The clip above will actually carry us through right to the end of the opera. On the morning after Peter sails someone remarks that the coast guard reports a boat sinking off-shore, but too far out for a rescue effort, news which another character dismisses as “one of those rumours”. It brings to an end an immensely sad but humane and thought-provoking masterpiece.

Great moments in opera: Il Trovatore

April 11, 2013

My indispensable old copy of Kobbe’s Complete Opera Book has this to say of Il Trovatore:

The libretto of Il Trovatore is considered the acme of absurdity…

which doesn’t seem a good beginning, but then there is this:

…the popularity of the opera is believed to be entirely due to the almost unbroken melodiousness of Verdi’s score.

And it’s true: the music is glorious, and Il Trovatore (which, incidentally, means “The Troubadour”) is among the most frequently staged operas in the world (ranked, most recently, #21). My initial short list for “great moments” had fifteen items on it, which (you will be happy to know) I have whittled down to just four (or five).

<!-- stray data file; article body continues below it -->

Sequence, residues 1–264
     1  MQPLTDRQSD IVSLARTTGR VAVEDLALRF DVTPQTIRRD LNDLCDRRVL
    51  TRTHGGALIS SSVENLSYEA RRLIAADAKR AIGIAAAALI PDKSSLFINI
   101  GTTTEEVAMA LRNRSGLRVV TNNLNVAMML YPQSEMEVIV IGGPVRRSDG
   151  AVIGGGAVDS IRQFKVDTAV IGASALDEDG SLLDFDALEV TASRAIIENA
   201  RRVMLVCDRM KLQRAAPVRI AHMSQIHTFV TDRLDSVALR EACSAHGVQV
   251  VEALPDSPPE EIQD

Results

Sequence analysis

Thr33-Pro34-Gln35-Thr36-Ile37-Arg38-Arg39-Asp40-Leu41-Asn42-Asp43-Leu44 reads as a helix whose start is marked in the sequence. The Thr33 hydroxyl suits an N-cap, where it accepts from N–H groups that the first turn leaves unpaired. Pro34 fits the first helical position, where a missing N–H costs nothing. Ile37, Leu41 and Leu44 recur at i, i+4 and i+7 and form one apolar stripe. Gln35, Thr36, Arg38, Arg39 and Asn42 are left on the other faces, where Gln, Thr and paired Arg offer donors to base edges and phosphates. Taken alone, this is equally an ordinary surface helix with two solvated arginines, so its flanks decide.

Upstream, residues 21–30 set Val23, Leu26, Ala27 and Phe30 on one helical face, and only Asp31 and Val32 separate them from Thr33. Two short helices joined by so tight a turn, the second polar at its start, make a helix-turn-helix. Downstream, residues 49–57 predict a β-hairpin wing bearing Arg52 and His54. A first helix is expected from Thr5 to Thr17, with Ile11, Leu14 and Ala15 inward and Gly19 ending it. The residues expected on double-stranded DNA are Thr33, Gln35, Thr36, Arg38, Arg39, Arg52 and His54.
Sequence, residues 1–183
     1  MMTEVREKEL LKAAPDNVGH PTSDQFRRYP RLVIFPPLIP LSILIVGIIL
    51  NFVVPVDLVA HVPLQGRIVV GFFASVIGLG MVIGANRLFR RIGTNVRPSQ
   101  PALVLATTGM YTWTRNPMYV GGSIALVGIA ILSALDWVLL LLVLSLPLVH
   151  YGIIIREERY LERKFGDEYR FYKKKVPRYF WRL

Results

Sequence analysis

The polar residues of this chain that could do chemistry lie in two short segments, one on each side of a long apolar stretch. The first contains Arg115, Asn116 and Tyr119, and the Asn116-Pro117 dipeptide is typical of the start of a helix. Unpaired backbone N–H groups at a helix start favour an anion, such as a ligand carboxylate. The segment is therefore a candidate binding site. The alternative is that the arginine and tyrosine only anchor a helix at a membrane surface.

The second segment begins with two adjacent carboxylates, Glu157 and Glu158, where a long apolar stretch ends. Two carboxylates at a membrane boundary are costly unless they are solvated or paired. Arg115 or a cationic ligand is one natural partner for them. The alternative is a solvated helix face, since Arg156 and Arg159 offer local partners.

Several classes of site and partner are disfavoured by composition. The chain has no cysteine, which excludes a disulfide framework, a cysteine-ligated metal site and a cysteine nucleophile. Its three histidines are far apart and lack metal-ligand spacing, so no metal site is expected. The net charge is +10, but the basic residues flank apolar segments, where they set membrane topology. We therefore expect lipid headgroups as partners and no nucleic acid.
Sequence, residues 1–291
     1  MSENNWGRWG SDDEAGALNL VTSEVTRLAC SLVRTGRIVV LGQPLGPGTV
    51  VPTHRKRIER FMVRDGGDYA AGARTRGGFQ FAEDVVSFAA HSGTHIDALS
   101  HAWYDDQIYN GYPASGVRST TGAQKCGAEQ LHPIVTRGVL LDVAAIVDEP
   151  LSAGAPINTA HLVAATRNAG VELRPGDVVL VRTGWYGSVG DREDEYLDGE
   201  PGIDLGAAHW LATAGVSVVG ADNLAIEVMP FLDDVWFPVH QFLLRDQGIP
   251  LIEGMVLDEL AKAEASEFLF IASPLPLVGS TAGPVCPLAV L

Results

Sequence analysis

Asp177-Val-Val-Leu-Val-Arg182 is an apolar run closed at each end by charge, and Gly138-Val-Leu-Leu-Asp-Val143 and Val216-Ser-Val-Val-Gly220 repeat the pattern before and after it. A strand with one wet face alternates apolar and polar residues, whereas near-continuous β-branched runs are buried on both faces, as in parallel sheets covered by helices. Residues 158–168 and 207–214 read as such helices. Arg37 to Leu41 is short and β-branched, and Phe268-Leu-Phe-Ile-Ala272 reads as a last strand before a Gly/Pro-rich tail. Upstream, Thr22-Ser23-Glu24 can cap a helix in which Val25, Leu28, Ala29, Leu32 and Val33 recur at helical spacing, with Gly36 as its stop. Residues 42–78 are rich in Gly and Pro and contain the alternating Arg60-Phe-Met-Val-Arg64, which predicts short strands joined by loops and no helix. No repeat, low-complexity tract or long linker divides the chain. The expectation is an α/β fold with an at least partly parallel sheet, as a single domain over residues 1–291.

I am not going to try to explain the story. Key events have already taken place when the curtain rises, and, though we do learn about them in a monologue, the opera never really recovers from this misbegotten start. Here is a synopsis; I’ve read it a few times, but it makes little sense to me. In the clips below, therefore, we shall focus on the music rather than the dramatic situations.

The music of the Act II aria Stride la vampa (Upward the flames) is among the most memorable and important in the opera. The principal theme recurs frequently in the score in a variety of guises, and I think of it as something like the “Trovatore theme”. It is sung by Acuzena, an old gypsy woman, and the Aria Database provides this helpful summary: “Azucena describes her mother’s death to Manrico and the crowd of gypsies. Her mother was burned at the stake for being a witch while the ones who falsely convicted her laughed and enjoyed themselves.” I’ll take their word for it:

Act III brings us Di quella pira (Of that pyre), one of the showstopping-est of all tenor arias, the forbidding reputation of which rests principally on the high C which our hero, Manrico, is called upon to deliver. It is interesting to note that the high C was not actually written by Verdi, but was inserted by a young turk in the early days, and now every tenor worth his salt has to add it too. The Kobbe book again: “The tenor who sings the high C in ‘Di quella pira’ without getting red in the face will hardly be credited with having sung it at all.” Here is Pavarotti: